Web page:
•   It turns out that I had the yield return null in the wrong spot. Thank you for the detailed response!

• crew

eithman Great! If you have any other questions let me know.

• jgonzalez  I realized a problem I am running into is that transform.position moves the object in world space rather than local space and I need it to move in local space. I tried fixing this by changing transform.position to transform.forward . Unfortunately rather than making my animal lerp forward, it instantly rotates it 90 degrees counter clockwise. Any idea why this is happening?

IEnumerator RotateObject()
{

speed = 0;
beginning = transform.position;
ending = transform.position;
ending.x += -1f;

while (elapsedTime < 5){
elapsedTime += Time.deltaTime;
transform.forward = Vector3.Lerp(beginning, ending, elapsedTime / 5);
Debug.Log(transform.position);
yield return null;
}

}

• crew

eithman transform.forward is used when you want to utilize the Z axis of that object, it wouldn't allow you to change to local coordinates. Also realized in the past few posts we've gone from using rotation to position. I'm not sure if you're trying to just rotate an object or position it, but the concept will essentially be the same. So lets keep this simple to a few lines.

If I wanted to move an object along it's local coordinates I would use:

``````   transform.localPosition = new Vector3(0,10,0);
``````

This would move the object along the local Y axis 10 units up. You could do something very similar with rotation, but with that we'd use Euler angles which are also in Vector3 format. This is how you would rotate the same object along the local Y axis:

``````transform.localRotation = Quaternion.Euler(45,10,0);
``````

In this case I'm rotating the object 45 degrees along the local x axis, and 10 along the local y axis. Whether you want to rotate or move the object along it's local coordinates, that's how you would do it. In the coroutine you'd replace transform.forward with transform.localPosition (to move the object), or if you're using it to rotate it would be transform.localRotation

• jgonzalez  :,( I feel like I am never going to be finished with these issues.  At least this issue seems fairly easy.

With all of the previous lerping statements and while statements we have been using in the co routines, I keep running into the problem of where to put the yield return null; .  If I put it inside the while loop at the very bottom, the lerp works percectly. But if instead, I put the yield return null; at the bottom of the coroutine, outside of the while loop, the lerping does not work at all and the object teleports from it's start position to it's end position.  The reason I want to put the yield return null; at the bottom of the coroutine instead of at the bottom of the while, is because when I put it at the bottom of the while this causes the code to break from the coroutine and go through all of the code above it for as many cycles as the while loop is programmed to go through, which is hundreds. This is causing problems because the above code is being run when I do not want it to. I would like to have the lerp move the object from start to finish smoothly and then leave the coroutine. Do you know how to achieve this?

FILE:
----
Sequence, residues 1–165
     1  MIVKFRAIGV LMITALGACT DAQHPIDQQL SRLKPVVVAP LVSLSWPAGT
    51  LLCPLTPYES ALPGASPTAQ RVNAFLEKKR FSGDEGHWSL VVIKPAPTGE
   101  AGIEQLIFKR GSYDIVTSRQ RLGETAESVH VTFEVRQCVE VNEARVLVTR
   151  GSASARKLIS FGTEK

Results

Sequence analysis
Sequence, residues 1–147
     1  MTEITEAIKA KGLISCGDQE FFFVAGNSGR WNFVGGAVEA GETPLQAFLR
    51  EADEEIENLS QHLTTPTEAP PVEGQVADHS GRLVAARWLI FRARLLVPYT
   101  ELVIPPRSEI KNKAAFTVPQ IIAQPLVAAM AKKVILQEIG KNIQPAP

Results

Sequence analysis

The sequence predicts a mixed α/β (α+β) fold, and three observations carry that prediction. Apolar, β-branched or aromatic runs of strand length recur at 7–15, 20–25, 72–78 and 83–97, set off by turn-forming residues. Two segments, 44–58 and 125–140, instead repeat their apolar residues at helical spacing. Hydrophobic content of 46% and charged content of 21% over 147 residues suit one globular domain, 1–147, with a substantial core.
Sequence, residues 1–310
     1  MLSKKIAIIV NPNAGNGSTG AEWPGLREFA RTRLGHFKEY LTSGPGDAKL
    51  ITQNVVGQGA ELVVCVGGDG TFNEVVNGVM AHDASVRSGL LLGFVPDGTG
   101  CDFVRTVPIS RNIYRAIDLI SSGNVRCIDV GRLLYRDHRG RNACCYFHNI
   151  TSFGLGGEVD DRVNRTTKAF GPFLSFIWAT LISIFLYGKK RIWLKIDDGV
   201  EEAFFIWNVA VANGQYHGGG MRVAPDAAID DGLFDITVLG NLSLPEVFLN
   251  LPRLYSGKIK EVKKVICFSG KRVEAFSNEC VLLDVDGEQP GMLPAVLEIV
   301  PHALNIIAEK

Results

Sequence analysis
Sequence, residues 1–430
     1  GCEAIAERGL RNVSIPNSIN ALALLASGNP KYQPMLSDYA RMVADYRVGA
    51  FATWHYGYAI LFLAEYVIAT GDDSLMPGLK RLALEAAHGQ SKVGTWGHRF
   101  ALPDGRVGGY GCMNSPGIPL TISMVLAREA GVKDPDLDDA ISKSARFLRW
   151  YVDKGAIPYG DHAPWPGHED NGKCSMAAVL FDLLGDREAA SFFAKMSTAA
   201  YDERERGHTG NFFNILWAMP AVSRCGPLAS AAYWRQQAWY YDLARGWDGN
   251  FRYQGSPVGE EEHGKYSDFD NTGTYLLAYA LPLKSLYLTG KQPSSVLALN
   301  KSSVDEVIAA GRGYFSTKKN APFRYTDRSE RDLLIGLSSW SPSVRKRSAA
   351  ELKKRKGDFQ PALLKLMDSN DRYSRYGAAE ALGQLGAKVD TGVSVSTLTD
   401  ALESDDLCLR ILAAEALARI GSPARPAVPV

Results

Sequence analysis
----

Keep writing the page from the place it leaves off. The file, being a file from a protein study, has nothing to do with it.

``````
```IEnumerator FindFood()
{
rotateAmount = new Vector3(0, transformObj.eulerAngles.y + 90, 0);
startRot = transform.rotation;
endRot = Quaternion.Euler(rotateAmount);

while (elapsedTime < 5){
elapsedTime += Time.deltaTime;
transform.localRotation = Quaternion.Lerp(startRot, endRot, elapsedTime / 5);
yield return null;
}
elapsedTime = 0;
}```
• crew

eithman Without the yield it'll execute the entirety of the while loop almost instantly. Adding yield return null essentially makes it work in a similar way to the update method. It waits a frame before going through the loop again. So it goes through the while loop once, waits a frame, goes through again, waits a frame and does this over and over until the condition used for the while loop is met. In this case that's the elapsed time being less than 5.

The way the coroutine was written before should work correctly. The while loop will only be looped when elapsed time is less than 5. Once it reaches 5 or greater it should get out of the loop and finish off the rest of the coroutine.

If you add a Debug.Log at the end where your coroutine should end you should see it appear once elapsedTime is at or greater than 5. Here is an example

``````IEnumerator FindFood()
{
rotateAmount = new Vector3(0, transformObj.eulerAngles.y + 90, 0);
startRot = transform.rotation;
endRot = Quaternion.Euler(rotateAmount);

while (elapsedTime < 5){
elapsedTime += Time.deltaTime;
transform.localRotation = Quaternion.Lerp(startRot, endRot, elapsedTime / 5);
yield return null;
}
elapsedTime = 0;
Debug.Log("Coroutine is completed");
}
``````